I don't think we will truly know anything until early Spring 2021

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1 hour ago, stag said:

Last year (Spring), we went eastbound on Westerdam. While at the ocean crossing, the Captain decided "to give more sleep to the crew", he changed the clock forward at noon everyday. While crossing the Dateline, he changed the clock once at 2:00 a.m., then once again at noon on the same day. This was a weak excuse because deckhands had to mop the same amount of space, cabin attendants had to make the same number of rooms, cooks had to cook the same amount of meals, dishwashers, laundry staff had to work the same amount of load, waiters and bar staff had to serve the same number of passengers.  Perhaps only the staff worked by the hours could benefit. That would be the absolute minority of the crew. Many passengers didn't like that idea. We have crossed the oceans many times both ways. This was the first time we had the clock changed at noon.

 

While this may have been your first experience, changing Cloxs at Noon is used by a number of Masters.

 

While the scope of work doesn't change with Cloxs, moving ahead at Noon rather than 02:00 simplifies compliance with the hours of work requirements of MLC 2006. The majority of the crew on a cruise ship work some form of day work, as opposed to sea watches or graveyards.

 

When Cloxs are moved ahead repeatedly, the majority of the crew loose 1 hour of their time-off, which enhances non-compliance with MLC 2006. If this puts them below the minimum time-off, they must be given additional time off. Officers & Ratings on sea watches are not affected regardless of when the Cloxs move, as Eastbound each watch works 20 mins less on 1 watch and Westbound they work 20 mins extra.

 

Processing the Dateline change at Noon would introduce additional risks in the ship's operation, so I would also have completed that change at 02:00, as it has no affect on the pax and most crew, as it is primarily an administrative change in the logbook.

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16 hours ago, Heidi13 said:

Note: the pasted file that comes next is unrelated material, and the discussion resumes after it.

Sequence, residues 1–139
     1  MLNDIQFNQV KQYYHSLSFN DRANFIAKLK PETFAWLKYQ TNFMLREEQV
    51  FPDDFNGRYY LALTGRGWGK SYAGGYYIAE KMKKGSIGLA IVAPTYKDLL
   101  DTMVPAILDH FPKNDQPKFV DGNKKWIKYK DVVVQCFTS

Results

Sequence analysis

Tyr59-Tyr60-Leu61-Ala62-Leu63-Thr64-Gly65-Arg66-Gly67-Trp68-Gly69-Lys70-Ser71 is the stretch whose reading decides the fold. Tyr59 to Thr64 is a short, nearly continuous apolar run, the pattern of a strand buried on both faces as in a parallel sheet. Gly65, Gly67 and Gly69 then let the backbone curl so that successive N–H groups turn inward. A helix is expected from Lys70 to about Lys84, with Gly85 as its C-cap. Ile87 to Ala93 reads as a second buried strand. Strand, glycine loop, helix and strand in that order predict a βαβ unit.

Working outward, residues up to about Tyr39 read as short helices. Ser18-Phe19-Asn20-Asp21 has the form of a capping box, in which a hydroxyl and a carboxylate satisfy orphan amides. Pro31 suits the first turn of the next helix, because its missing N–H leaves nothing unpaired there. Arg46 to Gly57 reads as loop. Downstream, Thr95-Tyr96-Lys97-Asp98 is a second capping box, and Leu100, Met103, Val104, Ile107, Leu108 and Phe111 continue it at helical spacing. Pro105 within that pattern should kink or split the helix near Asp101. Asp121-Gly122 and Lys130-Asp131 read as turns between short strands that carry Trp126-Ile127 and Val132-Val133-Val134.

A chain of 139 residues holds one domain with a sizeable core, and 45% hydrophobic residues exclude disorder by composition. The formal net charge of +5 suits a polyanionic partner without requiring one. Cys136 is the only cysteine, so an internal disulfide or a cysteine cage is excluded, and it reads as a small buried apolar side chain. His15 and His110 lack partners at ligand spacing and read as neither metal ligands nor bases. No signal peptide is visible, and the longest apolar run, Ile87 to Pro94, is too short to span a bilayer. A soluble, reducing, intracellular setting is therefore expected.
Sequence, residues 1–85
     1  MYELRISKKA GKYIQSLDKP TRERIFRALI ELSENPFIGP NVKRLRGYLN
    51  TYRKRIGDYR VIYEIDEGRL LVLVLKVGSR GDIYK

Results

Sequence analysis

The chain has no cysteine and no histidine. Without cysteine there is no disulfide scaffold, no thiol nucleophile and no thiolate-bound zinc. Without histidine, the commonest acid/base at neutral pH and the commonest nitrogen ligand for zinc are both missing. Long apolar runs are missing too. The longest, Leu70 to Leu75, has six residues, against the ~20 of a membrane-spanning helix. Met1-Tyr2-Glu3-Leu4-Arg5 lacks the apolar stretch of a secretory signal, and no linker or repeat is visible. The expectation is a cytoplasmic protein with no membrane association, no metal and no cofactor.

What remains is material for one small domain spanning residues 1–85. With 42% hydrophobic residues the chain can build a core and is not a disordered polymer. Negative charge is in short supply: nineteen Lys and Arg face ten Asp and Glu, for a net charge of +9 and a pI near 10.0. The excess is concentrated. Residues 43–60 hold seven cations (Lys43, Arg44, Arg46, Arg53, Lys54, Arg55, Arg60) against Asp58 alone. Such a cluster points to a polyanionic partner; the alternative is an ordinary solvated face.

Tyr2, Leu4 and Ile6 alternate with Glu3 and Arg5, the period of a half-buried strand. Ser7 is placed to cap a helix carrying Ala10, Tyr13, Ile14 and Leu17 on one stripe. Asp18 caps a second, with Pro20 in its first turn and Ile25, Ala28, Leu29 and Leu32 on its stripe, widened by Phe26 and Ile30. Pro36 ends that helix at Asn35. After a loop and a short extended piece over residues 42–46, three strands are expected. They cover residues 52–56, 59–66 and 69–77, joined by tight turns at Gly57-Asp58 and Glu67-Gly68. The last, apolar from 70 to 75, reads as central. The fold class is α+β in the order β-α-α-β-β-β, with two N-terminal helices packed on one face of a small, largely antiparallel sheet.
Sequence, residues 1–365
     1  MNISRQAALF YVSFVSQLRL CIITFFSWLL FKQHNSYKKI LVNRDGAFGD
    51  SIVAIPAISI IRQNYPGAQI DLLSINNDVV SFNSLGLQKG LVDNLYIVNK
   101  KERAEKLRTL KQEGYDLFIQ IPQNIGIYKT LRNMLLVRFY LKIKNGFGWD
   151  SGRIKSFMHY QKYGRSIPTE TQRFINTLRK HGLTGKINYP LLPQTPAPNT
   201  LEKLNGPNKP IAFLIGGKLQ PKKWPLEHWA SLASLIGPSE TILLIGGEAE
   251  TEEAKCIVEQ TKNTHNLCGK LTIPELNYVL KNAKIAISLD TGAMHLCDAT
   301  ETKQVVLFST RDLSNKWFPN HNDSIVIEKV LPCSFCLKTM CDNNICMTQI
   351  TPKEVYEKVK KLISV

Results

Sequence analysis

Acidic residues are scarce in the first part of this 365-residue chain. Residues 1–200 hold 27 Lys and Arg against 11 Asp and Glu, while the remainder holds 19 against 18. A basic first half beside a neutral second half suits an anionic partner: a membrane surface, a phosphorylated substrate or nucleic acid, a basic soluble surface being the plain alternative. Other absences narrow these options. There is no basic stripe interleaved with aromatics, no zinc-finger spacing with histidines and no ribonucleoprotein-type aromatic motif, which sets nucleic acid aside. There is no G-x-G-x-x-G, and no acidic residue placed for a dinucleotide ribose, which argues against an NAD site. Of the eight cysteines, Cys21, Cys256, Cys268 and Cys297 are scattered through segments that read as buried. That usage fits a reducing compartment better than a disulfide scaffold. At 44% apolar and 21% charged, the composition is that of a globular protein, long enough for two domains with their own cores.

While this may have been your first experience, changing Cloxs at Noon is used by a number of Masters.

 

I have experienced this as well.  For a "first timer" experiencing the change, it does seem odd.  But, when it happens on another voyage, it really seems like "well, it's to be expected".  

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I'm going on my first trans-pac (hopefully) in the spring.  I'll be curious which method they use on Celebrity.  Maybe the first few days of losing 1 hour at night would be okay, but might feel like you are always trying to catch up.  Certainly by the time you get to 6 or 7 hours, it might grow tiresome...literally!

 

 

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55 minutes ago, rkacruiser said:

 

I have experienced this as well.  For a "first timer" experiencing the change, it does seem odd.  But, when it happens on another voyage, it really seems like "well, it's to be expected".  

So true, and it also helps when you comprehend why it is being done.😀

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38 minutes ago, nyc2pdx said:

I'm going on my first trans-pac (hopefully) in the spring.  I'll be curious which method they use on Celebrity.  Maybe the first few days of losing 1 hour at night would be okay, but might feel like you are always trying to catch up.  Certainly by the time you get to 6 or 7 hours, it might grow tiresome...literally!

 

Unfortunately, it isn't determined by cruise line, it is normally at the discretion of the ship's Master.

 

Yes, Eastbound steering about 090 T at over 20 kts, the repeated cloxs become very tiring, even when you work 20 mins less. 🙁